The headlines had shifted away from the visit of the interlocutors to the row over Arundhati Roy. But now that the government sources have indicated that there won't be any action against Arundhati Roy for her remarks on J&K, perhaps it is time to revisit the debate only to underline the fact that this whole l'affaire Arundhati Roy is a distraction and digression from the main issue which is the situation in the J&K and the role of the interlocutors in trying to find a political situation.
On NDTV's the Buck Stops Here, Vinod Mehta, Sajjad Lone, Harish Salve, Raju Ramachandran debate the issue with Barkha Dutt.
Do watch this -- by far a balanced and sane debate and don't go only by the following which are only some of the main comments that I could transcribe -- the following does not even claim to be an accurate transcription but only a brief summarising overview.
Dilip Padgaonkar: Some people choose to be provocative so as to get noted. If you choose to get provoked, then that's a vindication of the strategem that they have adopted. I choose not to be provoked.
Radha Kumar: You begin always by listening to what people have to say. You do not have to find it palatable, but you have to listen. Azadi has many different meaning to different people at different times. It's a very creative term. We don't have to worry about what people say. All over India and South Asia, whenever any sort of process begins, people begin by saying No. Naysaying is a common practice in South Asia. I am not worried. You are interpreting Azadi narrowly in terms of territorial freedom. That may not necessarily be the interpretation. It may, it may not. At the beginning of the process however you have to let people say what's on their mind even if it is not to your liking and is not palatable. If you listen to them, something might emerge which may not have been envisaged.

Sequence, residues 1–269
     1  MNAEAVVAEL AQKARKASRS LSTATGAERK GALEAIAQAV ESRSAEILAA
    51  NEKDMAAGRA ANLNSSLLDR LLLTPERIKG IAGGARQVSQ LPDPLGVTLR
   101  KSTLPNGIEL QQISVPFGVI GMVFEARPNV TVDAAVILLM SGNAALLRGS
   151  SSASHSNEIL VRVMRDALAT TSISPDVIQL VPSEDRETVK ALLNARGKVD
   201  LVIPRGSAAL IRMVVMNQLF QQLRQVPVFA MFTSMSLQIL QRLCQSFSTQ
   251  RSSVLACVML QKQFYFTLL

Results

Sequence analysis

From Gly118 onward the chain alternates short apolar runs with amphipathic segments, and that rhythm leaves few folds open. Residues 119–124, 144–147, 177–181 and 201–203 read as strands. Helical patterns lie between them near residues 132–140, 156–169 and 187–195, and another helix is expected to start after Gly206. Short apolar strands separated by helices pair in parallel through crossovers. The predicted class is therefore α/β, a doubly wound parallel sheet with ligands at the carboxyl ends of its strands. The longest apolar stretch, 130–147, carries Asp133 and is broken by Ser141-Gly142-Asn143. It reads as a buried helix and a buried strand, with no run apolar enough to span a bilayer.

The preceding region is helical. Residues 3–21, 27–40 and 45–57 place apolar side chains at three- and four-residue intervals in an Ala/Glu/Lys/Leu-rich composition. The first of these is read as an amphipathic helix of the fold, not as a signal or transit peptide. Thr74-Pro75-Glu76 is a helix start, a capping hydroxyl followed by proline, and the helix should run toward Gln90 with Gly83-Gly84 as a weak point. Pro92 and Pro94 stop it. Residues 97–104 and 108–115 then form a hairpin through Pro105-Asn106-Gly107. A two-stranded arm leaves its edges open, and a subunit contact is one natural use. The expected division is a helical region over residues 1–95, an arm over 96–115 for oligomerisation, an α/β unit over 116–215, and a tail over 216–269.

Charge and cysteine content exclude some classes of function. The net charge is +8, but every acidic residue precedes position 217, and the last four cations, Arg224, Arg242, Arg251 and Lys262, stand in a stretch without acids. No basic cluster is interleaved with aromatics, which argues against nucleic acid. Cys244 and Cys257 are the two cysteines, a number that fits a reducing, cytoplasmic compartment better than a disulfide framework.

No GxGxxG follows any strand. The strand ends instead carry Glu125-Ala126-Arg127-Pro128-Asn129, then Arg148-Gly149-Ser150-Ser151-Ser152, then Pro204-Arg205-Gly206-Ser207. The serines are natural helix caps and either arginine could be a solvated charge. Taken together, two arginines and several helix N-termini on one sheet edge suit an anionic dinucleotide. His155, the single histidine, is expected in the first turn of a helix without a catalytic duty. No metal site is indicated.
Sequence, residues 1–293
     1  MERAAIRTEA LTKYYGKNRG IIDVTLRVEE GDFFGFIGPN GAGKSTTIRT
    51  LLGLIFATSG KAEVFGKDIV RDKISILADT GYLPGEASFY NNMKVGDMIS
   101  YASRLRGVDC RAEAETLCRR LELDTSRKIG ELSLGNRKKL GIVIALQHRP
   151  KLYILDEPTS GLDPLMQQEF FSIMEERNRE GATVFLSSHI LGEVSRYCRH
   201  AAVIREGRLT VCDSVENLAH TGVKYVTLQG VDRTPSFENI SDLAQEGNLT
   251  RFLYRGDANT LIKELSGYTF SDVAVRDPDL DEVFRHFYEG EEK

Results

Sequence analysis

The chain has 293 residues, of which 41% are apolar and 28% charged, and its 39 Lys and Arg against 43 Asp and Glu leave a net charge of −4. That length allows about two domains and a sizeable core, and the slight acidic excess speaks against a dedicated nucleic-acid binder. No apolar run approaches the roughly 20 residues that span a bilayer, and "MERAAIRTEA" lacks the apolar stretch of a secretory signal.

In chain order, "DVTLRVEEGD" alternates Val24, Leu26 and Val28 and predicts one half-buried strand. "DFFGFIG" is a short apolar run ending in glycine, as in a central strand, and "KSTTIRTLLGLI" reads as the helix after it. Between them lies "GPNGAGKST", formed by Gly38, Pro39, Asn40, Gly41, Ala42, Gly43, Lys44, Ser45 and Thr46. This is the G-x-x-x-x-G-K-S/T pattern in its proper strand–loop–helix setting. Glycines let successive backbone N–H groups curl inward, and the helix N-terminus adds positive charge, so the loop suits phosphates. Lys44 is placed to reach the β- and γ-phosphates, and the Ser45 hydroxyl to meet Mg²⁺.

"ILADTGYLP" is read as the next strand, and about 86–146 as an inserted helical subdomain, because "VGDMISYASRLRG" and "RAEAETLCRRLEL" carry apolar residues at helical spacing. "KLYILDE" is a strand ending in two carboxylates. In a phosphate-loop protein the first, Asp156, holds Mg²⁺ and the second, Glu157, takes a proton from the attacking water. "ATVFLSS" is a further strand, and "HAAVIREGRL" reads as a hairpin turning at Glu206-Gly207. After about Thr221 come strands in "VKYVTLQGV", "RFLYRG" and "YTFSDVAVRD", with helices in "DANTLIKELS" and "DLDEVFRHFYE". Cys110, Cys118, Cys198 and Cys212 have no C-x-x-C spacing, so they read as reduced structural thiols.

Sedition is not an issue that I am engaging with. My engagement is to help find a political solution.
Harish Salve: The debate on sedition today is irrelevant. There is angst in the Kashmiri people. While the Indian people may find the idea of balkanisation of the country -- that India should be dismembered, that India should be Balkanised -- repulsive today we have to listen to the Kashmiri people and what they want. I am more than willing to listen to the anger of the Kashmiri but not of Arundhati Roy who calls India a nation of expansionist tendencies that has colonised Kashmir with its occupying army. Arundhati Roy is the voice of sensationalism. Ignore what she has to say. If you ask me as a lawyer, whether what she has said is sedition, the answer is yes. But she should be ignored. She is a digression. I don't need her patronising comments...If an angry Kashmiri speaks the same things, I do not call it sedition.